HC Deb 04 December 1945 vol 416 cc2215-24
Mr. Manningham-Buller

I beg to move, in page 5, line 2, leave out "area," and insert "polling district."

This Amendment, which appears to be a very simple one, raises a point of considerable importance. Under Clause 6 as it now stands any one who satisfies the registration officer that he no longer resides at the address in respect of which he is so registered, or at any other address within the same area, is entitled to have his name placed upon the absent voters' list. When one wishes to see what is meant by the words "within the same area" one must turn to Clause 20 of the Bill where one see that: …two addresses shall be deemed to be within the same area if they satisfy one of the following conditions that … they are both within the combined area of two contiguous metropolitan boroughs; '' they are both within the area of the same county borough; they are both within the area of the same non-county borough; they are both within the area of the same urban district; or '' they are both within the area of the same rural parish. It seems to me that that interpretation of the word "area" is bound to lead to a whole series of anomalies. A man may have just moved from one rural parish to another, and be living 50 yards away from his previous address. If he applies he will be entitled to vote by post.

9.15 p.m.

But a man who is living in Birmingham who will move from one end of Birmingham to the other may not acquire the facilities of postal voting. I would suggest that, instead of making this very complicated definition of area, the right place to draw the line in considering who should get the facilities of voting by post and of being put on the absent voters' list, and the right area to define is the polling district. If a man in a country constituency, when living in one polling district, moves his home to another polling district, it may be in the same constituency, and he may be many miles away from the place where he should exercise his right of voting. Therefore, I think that that gentleman should have the right of being put on the absent voters' list. The same would apply wherever you like to take the "situation, and surely the polling district is the right area, and no other. If a man moves out of the polling district in which he is registered, what is the argument against that man not being put on the absent voters' list, no matter whether he has moved from one contiguous borough to another one, or from one end of the borough to the far end of another which is contiguous? I ask the right hon. Gentleman to consider or state if he is in a position to do so, what valid arguments there are against the adoption of the polling district as the area instead of the definition. he has given in Clause 20.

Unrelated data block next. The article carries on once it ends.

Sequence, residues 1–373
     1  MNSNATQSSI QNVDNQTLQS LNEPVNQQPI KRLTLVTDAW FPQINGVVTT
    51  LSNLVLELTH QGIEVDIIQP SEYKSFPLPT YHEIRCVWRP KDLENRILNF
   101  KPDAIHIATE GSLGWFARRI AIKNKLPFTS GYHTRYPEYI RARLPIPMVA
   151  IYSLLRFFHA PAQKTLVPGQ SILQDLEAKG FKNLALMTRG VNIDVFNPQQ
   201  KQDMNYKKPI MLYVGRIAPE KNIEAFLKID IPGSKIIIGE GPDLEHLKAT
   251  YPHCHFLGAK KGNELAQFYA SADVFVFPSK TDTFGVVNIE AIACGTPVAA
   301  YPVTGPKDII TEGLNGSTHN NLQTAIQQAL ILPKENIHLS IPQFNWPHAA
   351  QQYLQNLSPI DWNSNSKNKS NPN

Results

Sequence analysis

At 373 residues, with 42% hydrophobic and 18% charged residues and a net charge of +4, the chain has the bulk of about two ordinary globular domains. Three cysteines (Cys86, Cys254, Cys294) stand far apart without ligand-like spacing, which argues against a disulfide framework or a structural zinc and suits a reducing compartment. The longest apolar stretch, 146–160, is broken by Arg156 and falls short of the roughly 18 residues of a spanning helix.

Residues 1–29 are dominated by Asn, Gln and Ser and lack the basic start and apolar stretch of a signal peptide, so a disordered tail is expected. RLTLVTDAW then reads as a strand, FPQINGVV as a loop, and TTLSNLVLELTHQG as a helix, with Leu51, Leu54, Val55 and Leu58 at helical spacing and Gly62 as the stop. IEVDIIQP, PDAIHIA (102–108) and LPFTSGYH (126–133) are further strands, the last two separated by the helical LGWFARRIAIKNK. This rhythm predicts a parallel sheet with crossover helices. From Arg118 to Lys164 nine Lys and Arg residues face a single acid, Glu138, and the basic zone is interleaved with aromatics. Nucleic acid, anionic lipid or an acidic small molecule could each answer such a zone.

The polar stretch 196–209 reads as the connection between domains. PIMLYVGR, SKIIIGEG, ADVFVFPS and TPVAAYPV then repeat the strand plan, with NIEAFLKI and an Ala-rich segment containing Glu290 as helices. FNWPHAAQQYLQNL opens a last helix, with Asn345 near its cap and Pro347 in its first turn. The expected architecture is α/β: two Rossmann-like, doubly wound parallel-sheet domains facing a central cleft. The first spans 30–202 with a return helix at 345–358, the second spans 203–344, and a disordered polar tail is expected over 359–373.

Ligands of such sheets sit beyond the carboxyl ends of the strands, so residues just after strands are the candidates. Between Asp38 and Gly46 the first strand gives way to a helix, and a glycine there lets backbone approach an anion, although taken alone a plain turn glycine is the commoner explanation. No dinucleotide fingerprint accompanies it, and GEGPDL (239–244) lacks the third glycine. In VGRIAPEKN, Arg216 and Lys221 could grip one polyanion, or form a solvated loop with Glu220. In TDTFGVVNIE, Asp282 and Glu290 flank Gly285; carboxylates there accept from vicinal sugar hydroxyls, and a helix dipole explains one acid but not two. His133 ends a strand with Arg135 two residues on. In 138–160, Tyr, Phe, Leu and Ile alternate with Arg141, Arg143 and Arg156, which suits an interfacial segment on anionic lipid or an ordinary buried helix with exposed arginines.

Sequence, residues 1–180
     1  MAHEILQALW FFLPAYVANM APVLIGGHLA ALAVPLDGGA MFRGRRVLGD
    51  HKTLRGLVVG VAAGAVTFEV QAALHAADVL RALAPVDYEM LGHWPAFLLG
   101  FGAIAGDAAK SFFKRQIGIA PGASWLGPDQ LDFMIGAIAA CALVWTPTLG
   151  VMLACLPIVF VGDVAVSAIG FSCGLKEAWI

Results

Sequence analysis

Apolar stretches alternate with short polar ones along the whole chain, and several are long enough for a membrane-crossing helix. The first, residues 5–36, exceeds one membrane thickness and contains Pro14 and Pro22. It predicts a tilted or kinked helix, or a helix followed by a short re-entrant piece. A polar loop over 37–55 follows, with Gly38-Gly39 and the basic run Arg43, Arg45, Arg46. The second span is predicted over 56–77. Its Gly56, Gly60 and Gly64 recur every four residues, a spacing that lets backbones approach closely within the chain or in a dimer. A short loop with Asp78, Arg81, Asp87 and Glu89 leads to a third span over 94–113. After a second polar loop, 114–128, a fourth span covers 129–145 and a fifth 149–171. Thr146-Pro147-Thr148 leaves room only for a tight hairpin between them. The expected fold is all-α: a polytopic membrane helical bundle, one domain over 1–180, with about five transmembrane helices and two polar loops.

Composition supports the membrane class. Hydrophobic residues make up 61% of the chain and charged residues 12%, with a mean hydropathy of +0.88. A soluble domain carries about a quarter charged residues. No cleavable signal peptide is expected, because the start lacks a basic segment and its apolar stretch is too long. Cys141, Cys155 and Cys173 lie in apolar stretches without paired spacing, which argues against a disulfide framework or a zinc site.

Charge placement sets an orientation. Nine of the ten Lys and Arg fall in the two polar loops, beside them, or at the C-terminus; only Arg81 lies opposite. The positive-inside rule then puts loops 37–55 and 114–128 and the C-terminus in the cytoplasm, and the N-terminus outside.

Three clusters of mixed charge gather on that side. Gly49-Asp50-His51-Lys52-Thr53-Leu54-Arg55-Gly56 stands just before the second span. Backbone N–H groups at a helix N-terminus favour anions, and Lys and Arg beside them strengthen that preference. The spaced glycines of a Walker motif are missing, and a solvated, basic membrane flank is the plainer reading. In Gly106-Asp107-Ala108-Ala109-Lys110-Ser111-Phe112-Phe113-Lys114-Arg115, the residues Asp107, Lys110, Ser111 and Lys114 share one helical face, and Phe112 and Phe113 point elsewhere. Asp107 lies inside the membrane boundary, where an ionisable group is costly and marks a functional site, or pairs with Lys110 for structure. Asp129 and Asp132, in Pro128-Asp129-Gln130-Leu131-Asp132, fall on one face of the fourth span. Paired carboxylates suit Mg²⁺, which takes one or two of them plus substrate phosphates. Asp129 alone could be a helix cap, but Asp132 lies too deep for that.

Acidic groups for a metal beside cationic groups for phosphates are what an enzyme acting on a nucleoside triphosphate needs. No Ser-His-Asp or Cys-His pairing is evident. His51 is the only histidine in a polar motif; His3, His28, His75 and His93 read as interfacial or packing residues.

Mr. Ede

I was rather surprised that the hon. Member for Daventry (Mr. Manningham-Buller), in dealing with this matter, dealt in the way he did with the question of rural voters, because I think the definition in the Bill of a rural parish is likely to be more advantageous to some rural voters than the words "polling district" because in my knowledge there are some constituencies in the country where more than one rural parish is included in a polling district and, quite frankly, I think this is a concession which is more necessary in rural areas than for movements inside boroughs where, as a rule, means of public transport are reasonably good and I should not be prepared, in any event, as far as rural voters arc concerned, to use the definition of "polling district" instead of "rural parish."